In fact, Italian cuisine is one of the most popular and copied around the world. The lack or total unavailability of some of its most characteristic ingredients outside of Italy, also and above all to falsifications (or food fraud), leads to the complete denaturalization of Italian ingredients. This phenomenon, widespread in all continents, is better known as Italian Sounding, consisting in the use of words as well as images, colour combinations (the Italian tricolour), geographical references, brands evocative of Italy to promote and market agri-food products which in reality have nothing to do with Italian cuisine.
Italy is the world's sixth-largest manufacturing country. Italy has a smaller number of global multinational corporations than other economies of comparable size, but it has a large number of small and medium-sized enterprises, many of them grouped in clusters, which are the backbone of the Italian industry. This results in a manufacturing sector often focused on the export of niche market and luxury products, that is less capable of competing on quantity but is more capable of facing the competition of emerging economies based on lower labor costs, given the higher quality of its products.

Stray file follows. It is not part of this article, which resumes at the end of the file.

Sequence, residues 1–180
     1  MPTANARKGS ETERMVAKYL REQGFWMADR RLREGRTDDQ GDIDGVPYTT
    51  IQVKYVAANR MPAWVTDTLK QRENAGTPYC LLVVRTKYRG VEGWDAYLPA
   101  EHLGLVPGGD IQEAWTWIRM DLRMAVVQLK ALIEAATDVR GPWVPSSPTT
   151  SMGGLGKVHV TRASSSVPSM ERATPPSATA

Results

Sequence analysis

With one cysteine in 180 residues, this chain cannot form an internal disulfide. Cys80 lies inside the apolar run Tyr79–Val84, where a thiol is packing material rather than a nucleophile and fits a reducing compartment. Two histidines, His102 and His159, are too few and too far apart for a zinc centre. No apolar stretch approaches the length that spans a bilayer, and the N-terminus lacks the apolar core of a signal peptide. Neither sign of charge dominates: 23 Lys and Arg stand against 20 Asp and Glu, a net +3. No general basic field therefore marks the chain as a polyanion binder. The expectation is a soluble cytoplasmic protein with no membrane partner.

The industrial districts are regionalized: in the Northwest there is a large modern group of industries, as in the so-called "industrial triangle" (Milan-Turin-Genoa), where there is an area of intense machinery, automotive, aerospace production and shipbuilding; in the Northeast, an area that experienced social and economic development mostly around family-based firms, there are mostly small and medium enterprises of lower technology but high craftsmanship, specializing in machinery, clothing, leather products, footwear, furniture, textiles, machine tools, spare parts, home appliances, and jewellery. In central Italy there are mostly small and medium size companies specializing in products such as textiles, leather, jewelry but also machinery.